ORIGINAL RESEARCH article
Detection of Fake News on COVID-19 on Web Search Engines
- 1Department of Physics and Astronomy “Ettore Majorana”, University of Catania, Catania, Italy
- 2Complexity Science Hub Vienna (CSH), Vienna, Austria
- 3INFN Sezione di Catania, Catania, Italy
- 4Department of Political and Social Sciences, University of Catania, Catania, Italy
In early January 2020, after China reported the first cases of the new coronavirus (SARS-CoV-2) in the city of Wuhan, unreliable and not fully accurate information has started spreading faster than the virus itself. Alongside this pandemic, people have experienced a parallel infodemic, i.e., an overabundance of information, some of which is misleading or even harmful, which has widely spread around the globe. Although social media are increasingly being used as the information source, web search engines, such as Google or Yahoo!, still represent a powerful and trustworthy resource for finding information on the Web. This is due to their capability to capture the largest amount of information, helping users quickly identify the most relevant, useful, although not always the most reliable, results for their search queries. This study aims to detect potential misleading and fake contents by capturing and analysing textual information, which flow through search engines. By using a real-world dataset associated with recent COVID-19 pandemic, we first apply re-sampling techniques for class imbalance, and then we use existing machine learning algorithms for classification of not reliable news. By extracting lexical and host-based features of associated uniform resource locators (URLs) for news articles, we show that the proposed methods, so common in phishing and malicious URL detection, can improve the efficiency and performance of classifiers. Based on these findings, we suggest that the use of both textual and URL features can improve the effectiveness of fake news detection methods.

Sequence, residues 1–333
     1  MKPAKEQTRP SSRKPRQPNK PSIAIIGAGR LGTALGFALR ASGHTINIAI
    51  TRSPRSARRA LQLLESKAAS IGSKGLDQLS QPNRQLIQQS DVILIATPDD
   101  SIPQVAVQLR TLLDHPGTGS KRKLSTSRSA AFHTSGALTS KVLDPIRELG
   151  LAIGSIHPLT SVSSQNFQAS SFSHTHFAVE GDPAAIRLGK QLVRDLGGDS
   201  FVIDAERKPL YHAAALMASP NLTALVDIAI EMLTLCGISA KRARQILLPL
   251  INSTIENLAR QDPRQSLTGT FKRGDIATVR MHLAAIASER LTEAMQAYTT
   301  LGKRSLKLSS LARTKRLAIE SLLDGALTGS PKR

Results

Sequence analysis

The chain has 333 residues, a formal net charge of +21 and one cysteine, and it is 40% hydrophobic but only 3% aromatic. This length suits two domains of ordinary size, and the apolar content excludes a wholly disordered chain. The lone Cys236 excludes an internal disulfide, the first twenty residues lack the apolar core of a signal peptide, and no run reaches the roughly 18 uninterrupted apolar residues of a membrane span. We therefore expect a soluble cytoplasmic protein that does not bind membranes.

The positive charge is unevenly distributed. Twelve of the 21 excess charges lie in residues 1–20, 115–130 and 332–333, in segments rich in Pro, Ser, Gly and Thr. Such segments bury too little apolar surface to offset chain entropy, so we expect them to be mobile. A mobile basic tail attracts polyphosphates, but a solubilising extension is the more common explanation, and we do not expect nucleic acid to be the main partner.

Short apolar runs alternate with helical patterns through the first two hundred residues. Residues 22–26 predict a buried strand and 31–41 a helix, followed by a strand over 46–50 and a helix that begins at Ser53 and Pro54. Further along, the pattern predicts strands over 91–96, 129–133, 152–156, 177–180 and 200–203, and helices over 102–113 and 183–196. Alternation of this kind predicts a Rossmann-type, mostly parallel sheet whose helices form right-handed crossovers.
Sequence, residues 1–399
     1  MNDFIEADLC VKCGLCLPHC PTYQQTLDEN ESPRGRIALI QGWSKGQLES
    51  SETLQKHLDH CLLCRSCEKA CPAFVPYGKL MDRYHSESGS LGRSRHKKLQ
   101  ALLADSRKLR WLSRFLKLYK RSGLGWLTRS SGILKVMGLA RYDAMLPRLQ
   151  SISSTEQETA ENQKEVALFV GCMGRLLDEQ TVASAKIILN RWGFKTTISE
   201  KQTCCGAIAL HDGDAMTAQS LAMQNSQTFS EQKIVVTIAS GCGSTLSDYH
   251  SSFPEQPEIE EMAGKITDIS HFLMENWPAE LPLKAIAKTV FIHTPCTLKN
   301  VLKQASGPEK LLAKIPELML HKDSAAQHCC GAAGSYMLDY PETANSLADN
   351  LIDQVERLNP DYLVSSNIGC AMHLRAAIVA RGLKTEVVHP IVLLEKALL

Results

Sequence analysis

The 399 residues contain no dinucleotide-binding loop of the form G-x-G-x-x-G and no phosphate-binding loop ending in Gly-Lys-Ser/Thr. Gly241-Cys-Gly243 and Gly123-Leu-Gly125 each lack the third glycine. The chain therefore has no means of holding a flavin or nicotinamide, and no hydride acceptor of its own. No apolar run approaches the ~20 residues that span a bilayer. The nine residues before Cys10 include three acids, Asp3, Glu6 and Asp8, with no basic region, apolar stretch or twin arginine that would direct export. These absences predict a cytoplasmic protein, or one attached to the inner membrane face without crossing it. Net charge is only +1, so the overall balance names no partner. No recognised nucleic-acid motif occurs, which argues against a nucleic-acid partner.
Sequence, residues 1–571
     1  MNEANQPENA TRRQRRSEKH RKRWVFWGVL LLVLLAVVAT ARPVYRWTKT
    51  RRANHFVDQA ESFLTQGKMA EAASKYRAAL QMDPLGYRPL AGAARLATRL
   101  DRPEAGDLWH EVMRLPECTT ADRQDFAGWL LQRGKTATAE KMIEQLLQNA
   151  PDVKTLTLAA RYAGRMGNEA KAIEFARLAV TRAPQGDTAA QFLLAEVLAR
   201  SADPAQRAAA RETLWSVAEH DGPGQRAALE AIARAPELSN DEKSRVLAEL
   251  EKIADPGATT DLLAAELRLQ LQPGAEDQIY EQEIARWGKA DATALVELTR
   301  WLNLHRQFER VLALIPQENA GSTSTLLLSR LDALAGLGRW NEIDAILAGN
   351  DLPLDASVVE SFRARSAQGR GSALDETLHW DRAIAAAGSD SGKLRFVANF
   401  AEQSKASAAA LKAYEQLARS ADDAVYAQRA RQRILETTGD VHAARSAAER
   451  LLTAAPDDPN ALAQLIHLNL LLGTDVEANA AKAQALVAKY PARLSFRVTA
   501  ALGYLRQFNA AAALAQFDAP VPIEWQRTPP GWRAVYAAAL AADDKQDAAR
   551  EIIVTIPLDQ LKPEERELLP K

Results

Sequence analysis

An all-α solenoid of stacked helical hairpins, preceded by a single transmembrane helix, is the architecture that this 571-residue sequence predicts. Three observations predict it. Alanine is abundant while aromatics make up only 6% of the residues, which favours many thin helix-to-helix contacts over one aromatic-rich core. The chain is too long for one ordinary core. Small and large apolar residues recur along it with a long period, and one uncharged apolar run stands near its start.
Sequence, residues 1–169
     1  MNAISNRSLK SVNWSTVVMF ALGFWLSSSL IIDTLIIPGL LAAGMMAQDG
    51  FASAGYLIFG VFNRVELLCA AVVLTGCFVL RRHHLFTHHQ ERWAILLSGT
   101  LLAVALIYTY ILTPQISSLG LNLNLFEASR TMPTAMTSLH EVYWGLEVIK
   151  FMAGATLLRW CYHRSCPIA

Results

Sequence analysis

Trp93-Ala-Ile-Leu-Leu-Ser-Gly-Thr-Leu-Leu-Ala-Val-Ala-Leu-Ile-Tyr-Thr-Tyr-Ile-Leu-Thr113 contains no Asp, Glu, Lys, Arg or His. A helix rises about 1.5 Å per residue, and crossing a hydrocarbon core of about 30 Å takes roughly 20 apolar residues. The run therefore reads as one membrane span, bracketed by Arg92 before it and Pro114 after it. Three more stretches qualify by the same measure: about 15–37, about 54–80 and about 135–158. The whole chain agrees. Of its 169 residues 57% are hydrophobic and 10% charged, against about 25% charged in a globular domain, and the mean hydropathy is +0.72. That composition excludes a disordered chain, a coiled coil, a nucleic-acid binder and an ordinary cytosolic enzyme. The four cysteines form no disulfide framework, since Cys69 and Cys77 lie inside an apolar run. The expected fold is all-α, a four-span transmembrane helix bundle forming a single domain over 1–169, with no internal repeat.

The reliability and credibility of both the information source and information itself have emerged as a global issue in contemporary society [1, 2]. Undoubtedly, in the last decades, social media have revolutionised the way in which information spreads across the Web and, more generally, the world [3, 4], by allowing users to freely share content faster than traditional news sources. The fact that content spreads so quickly and easily across platforms suggests that people (and algorithms behind the platforms) are potentially vulnerable to misinformation, hoaxes, biases, and low-credibility contents which are daily shared, accidentally or intentionally. The problem of spreading misinformation, however, affects not only the social media platforms but also the World Wide Web. In fact, every time people enter a search query on web search engines (WSEs), such as Google or Bing, they can view and potentially access hundreds, or thousands, of web pages with helpful information, sometimes potentially misleading. Meta title tags displayed on search engine results pages (SERPs)  represent then a crucial factor in helping the user understand pages’ content, being the user’s first experience of a website. Although people tend more likely to view and click on the first results on the first page because of search engines’ rank algorithms, e.g., PageRank (Page, 1998), which show the most relevant information in response to a specific query, a good title can be the make-or-break factor which brings users to click on that link and read on [6, 7]. Despite the systematic and significant response efforts and fact-checking against misinformation mobilised by both social media and media companies, fake news still persists due to the vast volume of online content, which leads people to see and share information that is partly, or completely, misleading. Previous and recent studies have almost exclusively focused on data from social media (e.g., Twitter) , fact-checking or reliable websites (e.g., snopes.com and politifact.com) , or existing datasets  which have the benefit to be cost-efficient. Due to the current difficult and unprecedented situation with the COVID-19 pandemic, never seen in the modern era , people have asked many questions about the novel coronavirus, such as the origin of the disease, treatment, prevention, cure, and transmission from or to pets, to face these challenges while staying informed and safe. In this study, we focus on news displayed by web search engines, since they represent the best tools for bringing up answers to people’s current questions, extracting information related to COVID-19 outbreak, and proposing an approach based on both textual and uniform resource locator (URL) features to analyse and detect whether news is fake/misleading or reliable (real). The contribution of our work can be summarised as follows: